Are ASX bank shares like Commonwealth Bank of Australia (ASX: CBA) a buy today?
We’ve just heard some important news regarding banking regulations. You can read our full coverage here, but in a nutshell, the Australian Securities and Investment Commission (ASIC) will lose the power to oversee responsible lending practices across the banking sector. In effect, this means banks will no longer be punished if borrowers mislead the banks over their income or ability to repay their loans.
The market is certainly taking this news as excellent for the banks, with ASX bank shares leading the share market gains today. The CBA share price closed today’s session up 2.88%. The gains were more pronounced with the other three majors. The Westpac Banking Corp (ASX: WBC) share price was up 7.39%, while National Australia Bank Ltd (ASX: NAB) and Australia and New Zealand Banking Group Limited (ASX: ANZ) shares rallied 6.49% and 6.35% respectively.
So is this a good reason to buy the banks, or is the market overreacting here?
An ASX bank share bonanza?
Whilst this news is undoubtedly good for the ASX bank shares, I don’t think it will make a material difference to the companies’ long-term prospects. I’m not sure how many customers were battering down ANZ’s or Westpac’s doors with loan applications that turn out to be dishonest, but I doubt it’s in sufficient numbers that warrant a 6% increase in these bank’s market capitalisations.
My Fool colleague, Tony Yoo, quoted Karen Cox from the Financial Rights Legal Centre in his coverage earlier today, who stated the following about this development:
The problem people are having right now is too much debt and not enough income. The government’s solution is to take on more debt with fewer protections. Unsustainable debt hurts real people and is a short-sighted fix for a flailing economy.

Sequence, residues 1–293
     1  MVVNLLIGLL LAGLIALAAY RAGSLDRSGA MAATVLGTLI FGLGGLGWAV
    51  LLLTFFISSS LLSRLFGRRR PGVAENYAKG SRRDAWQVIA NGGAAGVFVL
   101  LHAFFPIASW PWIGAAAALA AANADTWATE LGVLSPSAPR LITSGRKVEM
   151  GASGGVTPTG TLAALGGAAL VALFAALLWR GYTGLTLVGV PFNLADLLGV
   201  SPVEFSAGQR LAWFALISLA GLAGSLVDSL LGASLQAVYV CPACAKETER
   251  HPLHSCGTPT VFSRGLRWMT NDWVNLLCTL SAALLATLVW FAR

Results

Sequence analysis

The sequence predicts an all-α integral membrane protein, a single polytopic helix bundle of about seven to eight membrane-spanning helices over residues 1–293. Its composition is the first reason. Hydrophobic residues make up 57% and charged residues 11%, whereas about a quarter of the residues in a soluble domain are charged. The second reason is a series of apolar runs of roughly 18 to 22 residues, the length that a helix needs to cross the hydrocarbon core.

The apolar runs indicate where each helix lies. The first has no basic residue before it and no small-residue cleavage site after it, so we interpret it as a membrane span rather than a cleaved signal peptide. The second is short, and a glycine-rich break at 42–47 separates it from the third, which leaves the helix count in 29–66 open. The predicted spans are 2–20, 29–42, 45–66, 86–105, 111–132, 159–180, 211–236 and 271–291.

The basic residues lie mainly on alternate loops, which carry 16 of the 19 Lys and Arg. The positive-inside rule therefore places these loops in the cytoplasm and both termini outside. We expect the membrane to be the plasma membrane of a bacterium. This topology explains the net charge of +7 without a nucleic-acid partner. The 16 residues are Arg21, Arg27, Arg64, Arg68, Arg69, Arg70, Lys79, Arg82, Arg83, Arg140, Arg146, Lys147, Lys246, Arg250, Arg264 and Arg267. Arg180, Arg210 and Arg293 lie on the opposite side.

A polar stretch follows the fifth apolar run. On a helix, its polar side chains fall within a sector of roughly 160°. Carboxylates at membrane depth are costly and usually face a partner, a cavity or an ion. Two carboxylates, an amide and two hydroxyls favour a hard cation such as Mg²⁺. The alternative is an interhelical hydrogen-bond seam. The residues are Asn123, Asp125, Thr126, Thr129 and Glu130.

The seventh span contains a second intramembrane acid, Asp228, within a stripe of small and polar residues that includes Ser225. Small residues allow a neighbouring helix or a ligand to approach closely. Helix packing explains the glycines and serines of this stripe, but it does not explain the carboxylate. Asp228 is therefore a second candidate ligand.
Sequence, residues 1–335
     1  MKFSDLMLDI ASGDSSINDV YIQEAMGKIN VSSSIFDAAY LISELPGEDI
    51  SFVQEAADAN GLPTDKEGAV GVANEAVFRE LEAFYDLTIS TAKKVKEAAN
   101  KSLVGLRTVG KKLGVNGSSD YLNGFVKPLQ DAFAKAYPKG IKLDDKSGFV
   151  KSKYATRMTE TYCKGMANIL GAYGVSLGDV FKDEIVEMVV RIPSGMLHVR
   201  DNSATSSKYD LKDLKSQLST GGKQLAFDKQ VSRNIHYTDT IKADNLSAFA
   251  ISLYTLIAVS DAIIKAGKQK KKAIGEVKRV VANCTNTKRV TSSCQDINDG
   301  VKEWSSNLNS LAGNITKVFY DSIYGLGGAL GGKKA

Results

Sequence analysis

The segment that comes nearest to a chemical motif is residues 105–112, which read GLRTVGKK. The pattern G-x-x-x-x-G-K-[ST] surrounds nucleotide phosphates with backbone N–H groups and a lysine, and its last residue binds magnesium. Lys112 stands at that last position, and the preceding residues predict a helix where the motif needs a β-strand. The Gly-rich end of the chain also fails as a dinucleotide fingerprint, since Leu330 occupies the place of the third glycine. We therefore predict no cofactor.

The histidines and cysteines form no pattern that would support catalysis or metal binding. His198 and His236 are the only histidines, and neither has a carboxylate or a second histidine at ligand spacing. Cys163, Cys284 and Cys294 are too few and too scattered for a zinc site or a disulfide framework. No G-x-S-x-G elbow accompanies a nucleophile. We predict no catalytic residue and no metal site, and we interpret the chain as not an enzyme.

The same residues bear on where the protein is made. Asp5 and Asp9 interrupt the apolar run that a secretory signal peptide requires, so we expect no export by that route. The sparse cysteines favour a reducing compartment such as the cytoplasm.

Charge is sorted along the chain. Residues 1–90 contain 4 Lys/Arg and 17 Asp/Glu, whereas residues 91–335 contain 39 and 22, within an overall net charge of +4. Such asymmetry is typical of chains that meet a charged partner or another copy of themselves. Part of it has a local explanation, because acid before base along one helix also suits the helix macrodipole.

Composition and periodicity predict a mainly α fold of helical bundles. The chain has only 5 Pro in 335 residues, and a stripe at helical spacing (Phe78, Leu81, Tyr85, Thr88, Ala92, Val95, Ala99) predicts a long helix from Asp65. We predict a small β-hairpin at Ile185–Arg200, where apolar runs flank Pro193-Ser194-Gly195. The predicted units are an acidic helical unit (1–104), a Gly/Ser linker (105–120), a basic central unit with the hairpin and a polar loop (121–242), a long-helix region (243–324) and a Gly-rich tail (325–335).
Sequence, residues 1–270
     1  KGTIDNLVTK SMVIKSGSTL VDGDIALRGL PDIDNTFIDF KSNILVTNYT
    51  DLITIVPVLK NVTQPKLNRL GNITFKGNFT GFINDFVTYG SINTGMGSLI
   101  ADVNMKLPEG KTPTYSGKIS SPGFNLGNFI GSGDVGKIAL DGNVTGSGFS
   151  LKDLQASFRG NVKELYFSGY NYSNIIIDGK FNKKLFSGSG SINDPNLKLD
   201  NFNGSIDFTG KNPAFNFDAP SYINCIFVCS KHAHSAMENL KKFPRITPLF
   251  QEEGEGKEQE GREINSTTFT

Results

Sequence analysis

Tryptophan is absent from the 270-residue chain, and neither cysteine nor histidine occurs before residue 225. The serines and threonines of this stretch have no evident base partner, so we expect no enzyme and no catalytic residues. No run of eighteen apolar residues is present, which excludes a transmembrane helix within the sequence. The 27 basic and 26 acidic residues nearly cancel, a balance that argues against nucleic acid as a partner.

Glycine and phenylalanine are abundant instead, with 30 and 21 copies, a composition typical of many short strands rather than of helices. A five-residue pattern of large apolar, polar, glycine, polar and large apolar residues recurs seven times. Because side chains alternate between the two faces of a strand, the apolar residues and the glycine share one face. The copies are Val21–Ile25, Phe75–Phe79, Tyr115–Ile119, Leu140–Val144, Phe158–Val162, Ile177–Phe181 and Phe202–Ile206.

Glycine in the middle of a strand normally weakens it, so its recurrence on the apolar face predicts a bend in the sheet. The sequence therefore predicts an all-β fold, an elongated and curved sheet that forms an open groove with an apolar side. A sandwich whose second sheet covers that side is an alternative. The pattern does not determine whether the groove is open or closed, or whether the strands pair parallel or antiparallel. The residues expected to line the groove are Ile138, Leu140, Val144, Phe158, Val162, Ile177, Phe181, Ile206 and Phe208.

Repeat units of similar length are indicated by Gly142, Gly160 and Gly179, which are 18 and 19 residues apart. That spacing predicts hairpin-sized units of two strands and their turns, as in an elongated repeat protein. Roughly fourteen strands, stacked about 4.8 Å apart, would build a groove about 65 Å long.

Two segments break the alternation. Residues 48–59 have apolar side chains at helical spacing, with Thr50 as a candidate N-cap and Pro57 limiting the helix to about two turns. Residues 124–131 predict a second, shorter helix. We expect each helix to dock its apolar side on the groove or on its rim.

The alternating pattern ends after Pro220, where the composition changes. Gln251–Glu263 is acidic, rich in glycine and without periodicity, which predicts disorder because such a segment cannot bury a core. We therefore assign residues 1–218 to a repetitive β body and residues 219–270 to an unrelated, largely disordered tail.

The economic damage wrought by the coronavirus pandemic is the single largest threat the banks are facing right now. Evidence points to a sharp trend in Aussies’ increasing their savings rates in 2020 so far, quite dramatically too. That’s not congruous with an appetite for credit, which is what funds the banks’ profits. I see this regulatory change as a tinkering, rather than a game-changing policy. Will it cause societal harm? Possibly. Will it result in a windfall to the banks? I doubt it.
Therefore, I don’t think today’s change is a good reason to buy the banks right now, especially at their new, higher share prices. Instead, I would continue to stay away from this sector until conditions improve. And that might not be for a while.
Motley Fool contributor Sebastian Bowen owns shares of National Australia Bank Limited. The Motley Fool Australia has no position in any of the stocks mentioned. We Fools may not all hold the same opinions, but we all believe that considering a diverse range of insights makes us better investors. The Motley Fool has a disclosure policy. This article contains general investment advice only (under AFSL 400691). Authorised by Scott Phillips.
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